• Traumatic stress disorders
• Other psychological distress - new trauma-related fears,
depression, general anxiety
• Increased family stress
• Behavioral changes in the child
Winston, Kassam-Adams, Vivarelli-O'Neill, et al (2002). Acute stress disorder symptoms in children
and their parents after pediatric traffic injury. Pediatrics, 109(6):e90
Traumatic stress disorders after pediatric injury
• Most children (and parents) do well psychologically after an injury
… but some develop PTSD symptoms that persist for many months
and cause distress.
In a recent study,
almost 1 in 5 injured
children and their
PTSD symptoms that
lasted more than
four months and
in their daily lives. 1
Winston, Kassam-Adams, et al. (2003).
Screening for risk of persistent
posttraumatic stress in injured children
and their parents. JAMA 290: 643-649.
Family experience of
traumatic stress after injury
Research findings suggest that:
• Parents are key resources for their child’s emotional
recovery after a traumatic injury.
• Parent and child reactions to injury are connected --
severity of ASD or PTSD symptoms is correlated between
child and parent.
• It is often hard for parents to assess their child’s
psychological responses to injury.
• Parents may under- or over-estimate their child’s distress
compared to their child’s own report of symptoms.
• Prior posttraumatic stress, behavioral or emotional problems
• Exposure to more traumatic elements during the injury event
(e.g., scary sights and sounds)
• Intense fear and sense of life threat during injury event
• Separation from parents during the injury event or
emergency medical treatment
• Degree of pain experienced in injury and treatment
• Child’s social isolation or lack of positive peer support
More severe early reactions (acute stress symptoms) in the child or parent can
help predict later PTSD in the child
What makes children more vulnerable to
posttraumatic stress from injury?
Psychosocial interventions for traumatic stress
after pediatric injury
• Address child’s acute symptoms (including ASD) in the first few
• Help manage child’s pain
• Decrease social isolation
• Help parents to:
– accurately assess child’s symptoms and needs
– help child manage psychological symptoms and pain
– promote positive social interactions for child
– manage their own reactions
• Keep in mind:
– developmental needs of child or adolescent
– other family members may also be affected / need
Pediatric Intensive Care Unit
and Traumatic Stress
Admission of a child to the pediatric intensive care unit
(PICU), provides exposure to many potentially traumatic
Traumatic stress in the PICU:
Impact and critical issues
Traumatic aspects of having a critically ill child admitted to the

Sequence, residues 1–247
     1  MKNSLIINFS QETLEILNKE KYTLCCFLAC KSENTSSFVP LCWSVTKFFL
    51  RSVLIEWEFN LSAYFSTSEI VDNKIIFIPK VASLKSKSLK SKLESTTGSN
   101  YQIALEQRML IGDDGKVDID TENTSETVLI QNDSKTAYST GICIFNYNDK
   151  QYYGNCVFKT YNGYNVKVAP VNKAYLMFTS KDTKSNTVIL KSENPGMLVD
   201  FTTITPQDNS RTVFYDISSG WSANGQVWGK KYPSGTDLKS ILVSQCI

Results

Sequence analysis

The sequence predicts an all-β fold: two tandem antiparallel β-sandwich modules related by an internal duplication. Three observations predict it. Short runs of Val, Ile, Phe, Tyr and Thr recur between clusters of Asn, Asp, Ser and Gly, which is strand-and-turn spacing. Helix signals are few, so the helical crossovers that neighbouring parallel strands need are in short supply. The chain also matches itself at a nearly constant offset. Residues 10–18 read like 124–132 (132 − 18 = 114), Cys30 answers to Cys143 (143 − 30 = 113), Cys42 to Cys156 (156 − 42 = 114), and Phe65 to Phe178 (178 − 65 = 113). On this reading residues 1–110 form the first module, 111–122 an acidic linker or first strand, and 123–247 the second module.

PICU may include:
• Acuity and urgency of child’s health condition
• Multiple medical procedures and complex technologies
• Potentially frightening sights and sounds
• Patient’s (and other’s) pain or suffering
• Death, bereavement, and end of life care decisions
Subjective perception of the risk of a child’s death, and not
objective criteria, is associated with traumatic stress outcomes.
Research findings on
psychological responses to the PICU
After admission to the PICU, studies have documented:
• Traumatic stress symptoms - many parents have at least a few
traumatic stress symptoms initially
– In a recent study, a majority of parents reported clinically
significant symptoms in each of the ASD symptoms
• Traumatic stress disorders
– In a recent study, 1 in 5 parents developed PTSD about 3-
6 months after their child’s PICU admission. 1
• Changes in parent-child relationships and family functioning
• Child traumatic stress reactions to intubation
Balluffi, Kassam Adams, Kazak, et al (under review: Pediatric Critical Care Medicine). Traumatic
stress in parents of children admitted to the pediatric intensive care unit.
Psychosocial interventions for
traumatic stress in the PICU
• Encourage family to get basic needs met (e.g., sleeping,
• Help manage acute anxiety and stress reactions of child and
• Support family to cope with end of life concerns as needed
• Provide information on potential traumatic stress reactions in
child and family members
• Pediatric illness and injury experiences are potentially
– Children and parents often feel frightened, helpless,
– Family functioning is disrupted and coping capacity is
• Many children and their family members experience some
traumatic stress symptoms.
• A smaller number experience more severe and persistent PTSD
• Promising models for screening, prevention, and treatment of
posttraumatic stress in the health care setting are being